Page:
An alternative application would allow each user of the first or second client machines 32 to communicate selected language constructs to the website 96. In this case, the website 96 may perform search and translation operations and use the translated language construct to update listings via listing servers 16, or to update user information in the user table 40.
As illustrated in
At processing block 620, the user table 40 is searched to locate user information pertaining to the second user, including a language preference of the second user. At processing block 625, the stored constructs table 60 and the stored translated constructs table 70 are searched to retrieve a translated language construct corresponding to the selected language construct.
At processing block 630, a translated message containing the translated language construct and multiple interactive fields is generated. At processing block 635, the translated message is communicated to the second user.
At processing block 640, a further language construct and a user identifier of the first user are received from the second user. At processing block 645, the user table 40 is searched to locate user information pertaining to the first user, including a language preference of the first user. At processing block 650, the stored constructs table 60 and the stored translated constructs table 70 are searched to retrieve a translated further language construct corresponding to the selected further language construct.
At processing block 655, a translated reply message containing the translated further language construct is generated. Finally, at processing block 660, the translated reply message is communicated to the first user.
The computer system 300 includes a processor 302, a main memory 304 and a static memory 306, which communicate with each other via a bus 308. The computer system 300 may further include a video display unit 310 (e.g., a liquid crystal display (LCD) or a cathode ray tube (CRT)). The computer system 300 also includes an alphanumeric input device 312 (e.g., a keyboard), a cursor control device 314 (e.g., a mouse), a disk drive unit 316, a signal generation device 18 (e.g., a speaker), and a network interface device 320.
The disk drive unit 316 includes a machine-readable medium 324 on which is stored a set of instructions (i.e., software) 326 embodying any one, or all, of the methodologies described above. The software 326 is also shown to reside, completely or at least partially, within the main memory 304 and/or within the processor 302. The software 326 may further be transmitted or received via the network interface device 320.
It is to be understood that embodiments of this invention may be used as or to support software programs executed upon some form of processing core (such as the CPU of a computer) or otherwise implemented or realized upon or within a machine or computer readable medium. A machine readable medium includes any mechanism for storing or transmitting information in a form readable by a machine (e.g., a computer). For example, a machine readable medium includes read-only memory (ROM); random access memory (RAM); magnetic disk storage media; optical storage media; flash memory devices; electrical, optical, acoustical or other form of propagated signals (e.g., carrier waves, infrared signals, digital signals, etc.); or any other type of media suitable for storing or transmitting information.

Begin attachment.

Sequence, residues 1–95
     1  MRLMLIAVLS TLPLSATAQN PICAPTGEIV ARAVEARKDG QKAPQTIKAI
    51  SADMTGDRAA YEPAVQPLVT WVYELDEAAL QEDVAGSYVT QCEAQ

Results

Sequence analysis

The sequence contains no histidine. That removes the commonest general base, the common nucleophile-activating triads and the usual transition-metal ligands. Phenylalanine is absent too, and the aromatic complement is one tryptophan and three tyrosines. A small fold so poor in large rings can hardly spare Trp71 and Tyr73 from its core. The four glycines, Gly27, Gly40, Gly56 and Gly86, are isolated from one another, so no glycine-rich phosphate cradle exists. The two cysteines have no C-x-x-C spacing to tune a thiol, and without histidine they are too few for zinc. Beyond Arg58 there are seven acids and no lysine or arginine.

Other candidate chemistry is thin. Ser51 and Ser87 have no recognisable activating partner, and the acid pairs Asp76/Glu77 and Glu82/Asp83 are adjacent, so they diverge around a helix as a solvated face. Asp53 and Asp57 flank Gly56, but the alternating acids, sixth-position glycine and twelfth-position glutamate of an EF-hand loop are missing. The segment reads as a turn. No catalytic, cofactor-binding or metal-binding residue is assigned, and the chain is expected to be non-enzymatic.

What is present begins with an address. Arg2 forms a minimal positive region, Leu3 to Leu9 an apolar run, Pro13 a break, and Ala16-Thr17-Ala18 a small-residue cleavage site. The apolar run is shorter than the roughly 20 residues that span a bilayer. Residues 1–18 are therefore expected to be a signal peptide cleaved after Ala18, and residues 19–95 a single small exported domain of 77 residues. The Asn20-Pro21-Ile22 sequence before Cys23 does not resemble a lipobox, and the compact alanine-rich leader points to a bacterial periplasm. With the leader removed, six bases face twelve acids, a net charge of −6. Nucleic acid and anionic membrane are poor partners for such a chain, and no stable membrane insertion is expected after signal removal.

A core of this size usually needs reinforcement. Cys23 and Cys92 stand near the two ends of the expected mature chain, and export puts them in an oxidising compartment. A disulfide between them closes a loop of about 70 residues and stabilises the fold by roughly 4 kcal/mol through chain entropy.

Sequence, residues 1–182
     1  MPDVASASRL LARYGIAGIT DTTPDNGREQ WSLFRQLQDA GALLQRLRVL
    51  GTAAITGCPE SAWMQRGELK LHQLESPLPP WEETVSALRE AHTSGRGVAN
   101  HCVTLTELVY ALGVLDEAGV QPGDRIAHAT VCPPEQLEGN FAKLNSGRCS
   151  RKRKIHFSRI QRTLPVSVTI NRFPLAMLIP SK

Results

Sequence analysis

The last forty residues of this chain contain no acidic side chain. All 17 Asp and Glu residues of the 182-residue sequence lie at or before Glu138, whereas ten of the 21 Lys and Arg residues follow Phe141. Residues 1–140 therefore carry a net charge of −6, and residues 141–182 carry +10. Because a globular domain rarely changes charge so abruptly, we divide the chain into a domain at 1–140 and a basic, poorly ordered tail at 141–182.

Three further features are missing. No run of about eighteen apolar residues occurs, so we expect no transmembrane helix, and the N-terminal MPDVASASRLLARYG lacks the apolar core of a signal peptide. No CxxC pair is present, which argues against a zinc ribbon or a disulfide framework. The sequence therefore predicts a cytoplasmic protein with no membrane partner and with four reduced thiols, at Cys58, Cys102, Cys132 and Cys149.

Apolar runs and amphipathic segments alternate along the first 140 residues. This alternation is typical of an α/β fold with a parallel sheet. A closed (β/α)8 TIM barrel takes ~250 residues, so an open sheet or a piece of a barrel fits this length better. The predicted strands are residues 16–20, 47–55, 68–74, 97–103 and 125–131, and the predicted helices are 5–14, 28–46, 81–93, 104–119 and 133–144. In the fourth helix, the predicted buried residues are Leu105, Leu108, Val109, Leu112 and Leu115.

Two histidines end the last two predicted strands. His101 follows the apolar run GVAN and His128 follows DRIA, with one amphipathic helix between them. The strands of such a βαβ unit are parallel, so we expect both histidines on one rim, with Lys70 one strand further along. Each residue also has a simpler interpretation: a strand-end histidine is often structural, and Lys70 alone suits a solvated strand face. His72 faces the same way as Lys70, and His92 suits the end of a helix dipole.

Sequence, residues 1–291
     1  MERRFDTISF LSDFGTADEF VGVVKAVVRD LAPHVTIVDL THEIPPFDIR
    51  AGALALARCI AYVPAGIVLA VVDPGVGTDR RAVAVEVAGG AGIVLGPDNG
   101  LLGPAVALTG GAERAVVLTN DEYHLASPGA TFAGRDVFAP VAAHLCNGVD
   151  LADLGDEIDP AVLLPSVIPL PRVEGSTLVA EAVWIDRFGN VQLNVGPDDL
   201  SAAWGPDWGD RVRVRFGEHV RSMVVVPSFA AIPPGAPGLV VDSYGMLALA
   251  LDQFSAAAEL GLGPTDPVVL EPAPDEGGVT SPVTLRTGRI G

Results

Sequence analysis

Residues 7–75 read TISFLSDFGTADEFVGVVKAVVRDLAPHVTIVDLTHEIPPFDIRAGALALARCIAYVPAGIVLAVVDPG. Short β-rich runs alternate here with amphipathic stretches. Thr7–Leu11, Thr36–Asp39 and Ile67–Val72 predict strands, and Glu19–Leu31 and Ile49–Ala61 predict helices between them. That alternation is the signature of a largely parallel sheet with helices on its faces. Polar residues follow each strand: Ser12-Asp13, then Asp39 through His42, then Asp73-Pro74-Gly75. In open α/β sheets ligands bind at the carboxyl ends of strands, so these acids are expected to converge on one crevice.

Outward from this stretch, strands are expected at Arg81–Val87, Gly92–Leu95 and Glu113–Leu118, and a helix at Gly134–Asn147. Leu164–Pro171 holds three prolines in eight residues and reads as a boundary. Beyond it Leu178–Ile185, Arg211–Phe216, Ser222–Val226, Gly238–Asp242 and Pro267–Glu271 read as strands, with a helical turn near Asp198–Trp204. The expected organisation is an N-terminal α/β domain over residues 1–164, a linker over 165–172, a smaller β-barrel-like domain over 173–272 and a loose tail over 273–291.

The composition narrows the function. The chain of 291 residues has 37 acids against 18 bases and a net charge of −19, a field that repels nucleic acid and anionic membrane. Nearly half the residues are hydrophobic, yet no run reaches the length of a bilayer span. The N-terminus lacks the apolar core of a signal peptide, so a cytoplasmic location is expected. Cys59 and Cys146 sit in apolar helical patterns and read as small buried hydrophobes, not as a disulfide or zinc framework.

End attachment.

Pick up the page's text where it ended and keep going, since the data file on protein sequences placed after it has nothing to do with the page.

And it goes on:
In the foregoing specification, the invention has been described with reference to specific exemplary embodiments thereof. It will, however, be evident that various modifications and changes may be made thereto without departing from the broader spirit and scope of the invention as set forth in the appended claims. The specification and drawings are, accordingly, to be regarded in an illustrative sense rather than a restrictive sense.
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|U.S. Classification||704/3, 709/206|
|International Classification||G06Q30/08, G06F15/16, G06F17/27, G06F17/28, H04L29/08, G06F17/00|
|Cooperative Classification||H04L69/329, H04L67/2823, H04L67/28, H04L67/306, G06F17/28, G06F17/275, G06Q30/08, G06F17/289|
|European Classification||G06Q30/08, H04L29/08N27, H04L29/08A7, G06F17/27L, H04L29/08N29U, G06F17/28|
|Feb 17, 2015||AS||Assignment|
Owner name: EBAY INC., CALIFORNIA
Free format text: ASSIGNMENT OF ASSIGNORS INTEREST;ASSIGNOR:GROVE, STEVE;REEL/FRAME:034971/0844
Effective date: 20011005